This blog post first appeared as the second in a series of two articles written for the Bulgarian English Teachers’ Association. It appears in their March-April e-newsletter, which is available here
Extensive reading is a hot topic these days. There is much debate about the do’s and don’ts of assimilating it effectively into university prep courses and high-school reading programmes. That said, teachers are often left wondering how to get students reading in the first place. If they do not pick up books outside school, if reading remains a burden to them rather than a pleasure, then discussion about the rights and wrongs of writing journals about their reading, say, is irrelevant. So, in this article, I look at how we can introduce students to reading anything other than textbooks. First, though, why should students read outside the curriculum?
Unsurprisingly, most research into the effects of reading on educational achievement has focused on primary school children and programmes. The idea, of course, is to address the situation when they are young before it becomes a problem. In an attempt to redress the balance, Slavin et al. (2008) surveyed the literature on the effectiveness of different programmes in US high schools. This was urgent as The American Diploma Project (2004) had already shown that poor reading skills were an obstacle for university students who could not cope with the complex texts they had to deal with. To make matters worse, inability to read comfortably was one reason for these students dropping out of courses. Slavin et al. (2009), looking at high schools, found this affected not only social science and humanities, but also maths. In other words, reading difficulties were hampering attainment in just about every subject. Alarmingly, Joftus and Maddox-Dolan (2003) concluded that 6,000,000 high-school students were reading significantly below their expected levels and 3,000 kids were dropping out of high school every day due to their inability to cope with their studies. And this in the most developed country in the world!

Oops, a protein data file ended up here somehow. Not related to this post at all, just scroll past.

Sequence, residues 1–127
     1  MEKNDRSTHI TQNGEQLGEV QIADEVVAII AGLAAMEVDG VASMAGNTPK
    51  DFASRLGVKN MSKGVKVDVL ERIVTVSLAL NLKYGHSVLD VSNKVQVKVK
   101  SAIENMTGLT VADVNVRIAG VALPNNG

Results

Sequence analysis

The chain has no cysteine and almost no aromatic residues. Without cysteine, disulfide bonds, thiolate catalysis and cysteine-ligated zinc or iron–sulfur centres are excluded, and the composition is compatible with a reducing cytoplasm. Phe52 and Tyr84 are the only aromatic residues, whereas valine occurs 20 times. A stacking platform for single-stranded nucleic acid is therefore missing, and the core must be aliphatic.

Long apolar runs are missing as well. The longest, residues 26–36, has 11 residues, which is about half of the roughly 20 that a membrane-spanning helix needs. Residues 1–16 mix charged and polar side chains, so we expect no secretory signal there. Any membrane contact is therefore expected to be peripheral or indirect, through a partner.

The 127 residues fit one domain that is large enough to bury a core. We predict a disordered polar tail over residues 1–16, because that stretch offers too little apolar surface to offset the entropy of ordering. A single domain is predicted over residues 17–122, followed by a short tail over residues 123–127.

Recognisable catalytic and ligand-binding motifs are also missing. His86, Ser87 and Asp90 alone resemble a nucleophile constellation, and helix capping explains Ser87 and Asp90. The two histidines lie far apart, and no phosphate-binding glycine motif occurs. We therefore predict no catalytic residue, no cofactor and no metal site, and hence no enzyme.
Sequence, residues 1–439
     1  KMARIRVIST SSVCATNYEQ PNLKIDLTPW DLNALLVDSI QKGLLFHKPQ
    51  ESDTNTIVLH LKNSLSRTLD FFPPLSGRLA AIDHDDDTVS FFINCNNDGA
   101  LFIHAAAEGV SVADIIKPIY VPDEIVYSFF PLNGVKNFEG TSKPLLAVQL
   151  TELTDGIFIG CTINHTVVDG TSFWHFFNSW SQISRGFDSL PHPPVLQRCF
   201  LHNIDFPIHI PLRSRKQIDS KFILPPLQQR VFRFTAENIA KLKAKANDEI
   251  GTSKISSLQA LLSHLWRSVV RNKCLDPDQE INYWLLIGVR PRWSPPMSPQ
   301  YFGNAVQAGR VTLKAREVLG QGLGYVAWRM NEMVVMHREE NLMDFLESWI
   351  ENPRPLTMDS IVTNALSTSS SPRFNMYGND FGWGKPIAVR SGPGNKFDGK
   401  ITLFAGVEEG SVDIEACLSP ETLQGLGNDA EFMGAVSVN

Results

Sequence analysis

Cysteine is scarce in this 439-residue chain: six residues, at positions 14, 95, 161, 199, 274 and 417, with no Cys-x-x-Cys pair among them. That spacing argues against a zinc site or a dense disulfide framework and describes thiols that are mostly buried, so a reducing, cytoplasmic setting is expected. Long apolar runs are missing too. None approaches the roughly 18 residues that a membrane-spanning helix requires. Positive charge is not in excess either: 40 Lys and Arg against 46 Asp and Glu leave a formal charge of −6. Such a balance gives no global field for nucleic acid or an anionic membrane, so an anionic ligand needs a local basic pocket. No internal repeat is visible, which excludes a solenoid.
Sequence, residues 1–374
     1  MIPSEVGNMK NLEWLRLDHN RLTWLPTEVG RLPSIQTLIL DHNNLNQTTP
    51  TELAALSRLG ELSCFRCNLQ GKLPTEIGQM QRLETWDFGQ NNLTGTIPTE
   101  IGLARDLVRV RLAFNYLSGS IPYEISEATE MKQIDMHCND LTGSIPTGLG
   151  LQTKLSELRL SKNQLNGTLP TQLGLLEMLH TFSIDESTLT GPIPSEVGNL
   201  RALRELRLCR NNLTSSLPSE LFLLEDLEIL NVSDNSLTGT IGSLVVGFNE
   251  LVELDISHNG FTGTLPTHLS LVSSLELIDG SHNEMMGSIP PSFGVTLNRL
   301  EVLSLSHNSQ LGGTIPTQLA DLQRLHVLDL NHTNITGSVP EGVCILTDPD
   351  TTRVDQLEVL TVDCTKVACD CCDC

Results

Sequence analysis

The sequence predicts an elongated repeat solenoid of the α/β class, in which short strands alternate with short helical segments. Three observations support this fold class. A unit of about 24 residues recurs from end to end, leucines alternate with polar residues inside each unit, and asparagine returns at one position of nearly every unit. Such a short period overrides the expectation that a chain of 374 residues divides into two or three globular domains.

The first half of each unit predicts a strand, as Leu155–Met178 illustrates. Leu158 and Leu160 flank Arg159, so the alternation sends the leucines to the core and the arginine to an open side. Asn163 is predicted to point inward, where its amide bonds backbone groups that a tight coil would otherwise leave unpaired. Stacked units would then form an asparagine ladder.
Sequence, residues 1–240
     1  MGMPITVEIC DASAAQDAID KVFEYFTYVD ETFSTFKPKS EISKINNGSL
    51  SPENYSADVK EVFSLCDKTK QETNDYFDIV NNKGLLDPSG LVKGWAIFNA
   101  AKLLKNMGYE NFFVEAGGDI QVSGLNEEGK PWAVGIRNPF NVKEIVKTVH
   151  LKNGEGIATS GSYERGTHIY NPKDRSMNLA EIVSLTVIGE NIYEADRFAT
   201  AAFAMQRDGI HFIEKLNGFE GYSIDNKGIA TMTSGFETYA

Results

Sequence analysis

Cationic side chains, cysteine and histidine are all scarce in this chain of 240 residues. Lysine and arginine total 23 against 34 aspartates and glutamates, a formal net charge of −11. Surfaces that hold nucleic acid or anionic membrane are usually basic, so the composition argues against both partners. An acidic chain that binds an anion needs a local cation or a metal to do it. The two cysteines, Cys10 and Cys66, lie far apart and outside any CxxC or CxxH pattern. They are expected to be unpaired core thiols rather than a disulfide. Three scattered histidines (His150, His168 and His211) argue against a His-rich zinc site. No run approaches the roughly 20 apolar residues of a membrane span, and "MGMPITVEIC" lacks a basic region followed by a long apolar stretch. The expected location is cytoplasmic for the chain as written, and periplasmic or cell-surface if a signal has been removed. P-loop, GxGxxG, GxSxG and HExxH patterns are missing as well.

Findings such as these are an important tool in persuading parents and students that reading is not just an optional add-on to specialised studies at school. After all, educational excellence is seen by parents as a necessary step along the road to secure, well-paid employment.